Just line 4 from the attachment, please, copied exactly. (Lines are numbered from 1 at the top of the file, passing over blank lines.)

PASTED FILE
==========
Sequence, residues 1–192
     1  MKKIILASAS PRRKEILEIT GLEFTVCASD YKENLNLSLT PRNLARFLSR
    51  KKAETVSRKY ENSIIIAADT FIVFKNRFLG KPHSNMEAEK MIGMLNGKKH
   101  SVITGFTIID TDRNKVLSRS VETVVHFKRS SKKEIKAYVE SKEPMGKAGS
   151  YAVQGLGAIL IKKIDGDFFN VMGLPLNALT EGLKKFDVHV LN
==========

   101  SVITGFTIID TDRNKVLSRS VETVVHFKRS SKKEIKAYVE SKEPMGKAGS